Mair, on the other hand, was being portrayed in the media as a loner with problems, at least until he felt compelled when he appeared in court to give his name as ‘death to traitors, freedom for Britain’, which convinced the judge not to brand him a terrorist but to refer him for psychiatric examination, as if Mair’s membership in Britain First and the Brexit referendum tomorrow were trivialities. Meanwhile, in the immediate outpouring of grief for Jo Cox and her family, a memorial appeal solicited donations for her three favourite charities, and a Tory councillor in her native Yorkshire tweeted his anger that her death was being used for political purposes by the Remain campaign, and falsely characterising the Leavers. As if to prove his point he made an obscene suggestion as to what he might be donating to Jo Cox’s memorial.

Compare that to the portrayal of Omar Mateen, who shot up the Pulse nightclub in Orlando a few days before Cox was killed. In this case of conflicting motivations, there was little doubt in the media’s collective unconscious that Mateen was, unlike Mair, a terrorist. I could place photos of the two men side by side and give you a clue to part of the explanation for this bifurcation.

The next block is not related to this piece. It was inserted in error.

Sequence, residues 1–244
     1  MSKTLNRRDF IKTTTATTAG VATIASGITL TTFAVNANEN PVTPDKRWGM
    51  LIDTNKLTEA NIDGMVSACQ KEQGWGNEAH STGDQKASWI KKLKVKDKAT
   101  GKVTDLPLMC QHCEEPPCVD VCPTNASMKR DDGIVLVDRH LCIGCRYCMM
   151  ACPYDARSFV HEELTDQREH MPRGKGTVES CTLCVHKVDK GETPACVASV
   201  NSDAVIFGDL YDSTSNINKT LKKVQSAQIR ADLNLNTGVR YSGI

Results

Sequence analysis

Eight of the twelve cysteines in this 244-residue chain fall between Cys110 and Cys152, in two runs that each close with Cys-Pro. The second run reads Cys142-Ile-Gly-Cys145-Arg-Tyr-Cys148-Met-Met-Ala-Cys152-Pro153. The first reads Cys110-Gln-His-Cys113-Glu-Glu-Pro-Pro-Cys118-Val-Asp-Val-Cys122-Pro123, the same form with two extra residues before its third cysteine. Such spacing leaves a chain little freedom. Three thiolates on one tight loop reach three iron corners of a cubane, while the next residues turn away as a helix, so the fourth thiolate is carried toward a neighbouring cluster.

We feel a human need to try to understand what seems incomprehensible when faced with such events, yet in the times since January 2011 when Giffords was shot, there was also a different sort of need, not just to assess motivation but also to claim identity victimhood, establish primacy within the latest atrocity news cycle. In the wake of the Pulse massacre, it was if the issues were queueing up to be taken the most seriously. At times the debate took on the tone of a television commercial: 'he's a homophobe'. 'No he's a terrorist.' 'Stop! You're both right.'